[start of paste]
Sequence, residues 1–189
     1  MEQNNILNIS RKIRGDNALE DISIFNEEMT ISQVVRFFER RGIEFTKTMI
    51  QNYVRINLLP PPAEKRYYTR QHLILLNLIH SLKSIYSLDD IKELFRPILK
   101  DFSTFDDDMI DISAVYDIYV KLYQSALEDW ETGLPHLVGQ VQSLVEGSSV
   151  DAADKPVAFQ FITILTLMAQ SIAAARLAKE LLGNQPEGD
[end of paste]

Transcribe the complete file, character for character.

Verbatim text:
Sequence, residues 1–189
     1  MEQNNILNIS RKIRGDNALE DISIFNEEMT ISQVVRFFER RGIEFTKTMI
    51  QNYVRINLLP PPAEKRYYTR QHLILLNLIH SLKSIYSLDD IKELFRPILK
   101  DFSTFDDDMI DISAVYDIYV KLYQSALEDW ETGLPHLVGQ VQSLVEGSSV
   151  DAADKPVAFQ FITILTLMAQ SIAAARLAKE LLGNQPEGD